Curiosity can boost memory and creativity for sharper thinking, yet it can also lead to distraction and procrastination. The trick is to know when and how to use it
DURING an icy April in 1626, Francis Bacon, philosopher and a pioneer of the scientific method, was riding through the snowy streets of London when a curious question popped into his mind: would the cold help preserve a dead chicken? After acquiring one from a nearby household, he set about stuffing the bird with snow. In the process, he caught a chill, quickly followed by pneumonia and death.
This possibly apocryphal story, spread by philosopher Thomas Hobbes, points to two faces of curiosity: one a virtue, the other a vice. Curiosity is the driving force behind science, exploration and discovery, in which form it has been as important in our species’ success as our intelligence. Curiosity can also be a boon to us individually, guiding us into passionate, purpose-filled lives – think of relentlessly curious people like Leonardo da Vinci.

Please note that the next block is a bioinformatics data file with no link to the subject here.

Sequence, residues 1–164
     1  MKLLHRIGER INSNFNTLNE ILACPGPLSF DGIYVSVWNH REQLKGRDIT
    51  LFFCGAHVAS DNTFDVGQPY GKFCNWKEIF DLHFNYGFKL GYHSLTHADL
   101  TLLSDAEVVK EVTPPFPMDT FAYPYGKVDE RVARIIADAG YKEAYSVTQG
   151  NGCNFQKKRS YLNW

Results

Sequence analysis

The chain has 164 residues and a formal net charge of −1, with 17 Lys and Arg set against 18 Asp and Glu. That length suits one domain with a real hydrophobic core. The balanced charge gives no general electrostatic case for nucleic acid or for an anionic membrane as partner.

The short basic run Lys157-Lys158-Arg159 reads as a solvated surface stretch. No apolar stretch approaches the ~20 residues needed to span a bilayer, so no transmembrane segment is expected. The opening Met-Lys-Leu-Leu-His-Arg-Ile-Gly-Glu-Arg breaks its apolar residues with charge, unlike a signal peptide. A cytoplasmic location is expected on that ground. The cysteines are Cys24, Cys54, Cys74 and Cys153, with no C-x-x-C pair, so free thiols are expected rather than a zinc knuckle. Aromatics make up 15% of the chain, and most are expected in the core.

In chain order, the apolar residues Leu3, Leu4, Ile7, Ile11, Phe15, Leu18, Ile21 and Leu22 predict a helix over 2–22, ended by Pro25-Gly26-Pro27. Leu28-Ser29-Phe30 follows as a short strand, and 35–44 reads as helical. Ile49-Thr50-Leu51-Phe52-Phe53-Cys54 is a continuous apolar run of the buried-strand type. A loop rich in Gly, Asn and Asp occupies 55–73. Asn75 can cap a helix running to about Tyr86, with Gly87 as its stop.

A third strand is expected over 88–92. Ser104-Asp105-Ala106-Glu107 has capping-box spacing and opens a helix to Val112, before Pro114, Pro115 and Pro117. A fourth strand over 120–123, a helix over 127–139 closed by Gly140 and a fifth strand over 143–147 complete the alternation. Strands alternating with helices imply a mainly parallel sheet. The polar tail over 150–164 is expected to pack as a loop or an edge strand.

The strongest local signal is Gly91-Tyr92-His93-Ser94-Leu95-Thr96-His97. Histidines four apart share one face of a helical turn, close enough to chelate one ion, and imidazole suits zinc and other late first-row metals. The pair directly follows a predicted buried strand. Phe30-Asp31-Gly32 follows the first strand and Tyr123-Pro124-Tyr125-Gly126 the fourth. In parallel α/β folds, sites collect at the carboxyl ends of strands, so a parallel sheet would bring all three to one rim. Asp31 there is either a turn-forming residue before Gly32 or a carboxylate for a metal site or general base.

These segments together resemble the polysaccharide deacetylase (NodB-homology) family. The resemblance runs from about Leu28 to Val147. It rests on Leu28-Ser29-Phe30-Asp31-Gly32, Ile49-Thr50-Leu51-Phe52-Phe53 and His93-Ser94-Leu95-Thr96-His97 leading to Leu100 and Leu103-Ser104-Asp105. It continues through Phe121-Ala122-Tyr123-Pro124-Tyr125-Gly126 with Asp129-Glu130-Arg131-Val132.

But “the lust of the mind”, as Hobbes dubbed curiosity, turns vice-like when it leads us to waste time on clickbait and fake news, doomscroll through social media feeds or chase dangerously extreme experiences, like jumping from tall objects with a parachute, simply because we want to know what they feel like. It can end badly. Just recall the infamous, now-deceased cat.
In a modern world awash with many such diversions, it would be good to know how to make the most of our curiosity while avoiding its pitfalls. Recent research on the double-edged nature of curiosity is riding to the rescue. The work hasn’t only shed light on its many benefits for learning and creativity, but also on the reasons that it can lead us astray – and why we …